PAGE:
Toponyms, or place names, can tell you a great deal about the history, geography, wildlife, or people of an area. The video below from the always entertaining Otherwords series is packed full of fun bits of history and trivia. In it, you’ll learn that the longest place name in the US (Chargoggagoggmanchauggagoggchaubunagungamaugg) falls far short of the longest one word place name in the world (New Zealand’s Taumata­whakatangihanga­koauau­o­tamatea­turi­pukaka­piki­maunga­horo­nuku­pokai­whenua­ki­tana­tahu). Those interested in discussing more about toponyms are invited to meet on my next trip into the place for gathering wood for making bows (Manhattan).

David Crotty

David Crotty

David Crotty is a Senior Consultant at Clarke & Esposito, a boutique management consulting firm focused on strategic issues related to professional and academic publishing and information services. Previously, David was the Editorial Director, Journals Policy for Oxford University Press. He oversaw journal policy across OUP’s journals program, drove technological innovation, and served as an information officer. David acquired and managed a suite of research society-owned journals with OUP, and before that was the Executive Editor for Cold Spring Harbor Laboratory Press, where he created and edited new science books and journals, along with serving as a journal Editor-in-Chief. He has served on the Board of Directors for the STM Association, the Society for Scholarly Publishing and CHOR, Inc., as well as The AAP-PSP Executive Council. David received his PhD in Genetics from Columbia University and did developmental neuroscience research at Caltech before moving from the bench to publishing.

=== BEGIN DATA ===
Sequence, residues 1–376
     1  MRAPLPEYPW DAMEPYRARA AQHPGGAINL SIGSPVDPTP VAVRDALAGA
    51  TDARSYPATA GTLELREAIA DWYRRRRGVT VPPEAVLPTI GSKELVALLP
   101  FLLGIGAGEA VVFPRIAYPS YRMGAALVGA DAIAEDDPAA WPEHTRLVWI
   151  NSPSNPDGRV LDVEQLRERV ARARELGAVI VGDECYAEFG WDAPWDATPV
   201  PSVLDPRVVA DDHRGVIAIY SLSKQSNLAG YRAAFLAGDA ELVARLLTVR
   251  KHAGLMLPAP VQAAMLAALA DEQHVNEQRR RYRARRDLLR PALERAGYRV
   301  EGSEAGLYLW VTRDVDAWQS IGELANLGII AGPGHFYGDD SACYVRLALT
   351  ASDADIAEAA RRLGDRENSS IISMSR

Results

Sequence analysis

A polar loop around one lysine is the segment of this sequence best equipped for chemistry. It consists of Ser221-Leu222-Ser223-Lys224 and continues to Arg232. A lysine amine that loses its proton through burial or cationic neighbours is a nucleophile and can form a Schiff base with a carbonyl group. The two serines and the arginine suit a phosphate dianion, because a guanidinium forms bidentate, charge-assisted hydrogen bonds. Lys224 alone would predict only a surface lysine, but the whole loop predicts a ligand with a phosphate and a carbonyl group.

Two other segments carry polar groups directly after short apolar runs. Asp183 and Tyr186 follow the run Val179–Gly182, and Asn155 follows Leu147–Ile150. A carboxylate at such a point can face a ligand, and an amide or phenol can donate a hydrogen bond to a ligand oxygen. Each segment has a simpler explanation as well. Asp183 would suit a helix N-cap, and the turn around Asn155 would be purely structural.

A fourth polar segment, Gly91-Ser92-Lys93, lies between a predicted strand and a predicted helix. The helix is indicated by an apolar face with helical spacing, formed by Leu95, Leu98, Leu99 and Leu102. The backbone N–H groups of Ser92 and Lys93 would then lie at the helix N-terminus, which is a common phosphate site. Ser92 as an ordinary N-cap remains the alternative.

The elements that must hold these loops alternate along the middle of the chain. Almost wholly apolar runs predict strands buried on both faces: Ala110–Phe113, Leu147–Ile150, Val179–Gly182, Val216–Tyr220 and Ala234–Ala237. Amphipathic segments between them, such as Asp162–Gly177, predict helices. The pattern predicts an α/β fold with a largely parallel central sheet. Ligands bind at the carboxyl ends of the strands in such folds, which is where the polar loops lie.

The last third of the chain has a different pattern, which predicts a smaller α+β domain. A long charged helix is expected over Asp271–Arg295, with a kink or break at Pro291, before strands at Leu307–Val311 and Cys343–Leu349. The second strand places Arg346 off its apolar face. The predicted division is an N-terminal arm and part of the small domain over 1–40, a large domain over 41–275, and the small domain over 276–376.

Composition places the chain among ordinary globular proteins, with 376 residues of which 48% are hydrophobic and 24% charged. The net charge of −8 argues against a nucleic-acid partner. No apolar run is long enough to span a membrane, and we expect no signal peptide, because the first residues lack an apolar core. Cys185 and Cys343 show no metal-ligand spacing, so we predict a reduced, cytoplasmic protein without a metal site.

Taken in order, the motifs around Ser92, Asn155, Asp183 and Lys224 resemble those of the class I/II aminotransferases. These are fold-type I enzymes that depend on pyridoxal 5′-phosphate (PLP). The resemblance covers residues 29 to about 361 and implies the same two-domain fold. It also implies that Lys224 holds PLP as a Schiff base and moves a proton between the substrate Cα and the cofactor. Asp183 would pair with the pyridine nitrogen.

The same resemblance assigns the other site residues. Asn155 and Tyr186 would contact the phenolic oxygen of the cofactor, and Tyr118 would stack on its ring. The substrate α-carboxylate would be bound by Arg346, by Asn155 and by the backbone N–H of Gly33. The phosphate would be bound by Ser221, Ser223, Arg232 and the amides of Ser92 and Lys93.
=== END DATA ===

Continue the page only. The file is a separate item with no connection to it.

1 Thought on "Fun with Toponyms"

As David says, “place names, can tell you a great deal about the history, geography, wildlife, or people”. So therefore, why is there no metadata associated with publications about the locality(ies) studied? Perhaps two-thirds of all papers have something about locality, which can be at any scale, (continent, even galaxy, to exact 2m location), may involve multiple sites, different languages, with no consistency as to which level is talked about in searchable text (country, village, lake/desert, etc.) It would be very useful to have the ability to click on a map to find all studies of organisms in the clicked locality. Are there any plans or ways to do this?

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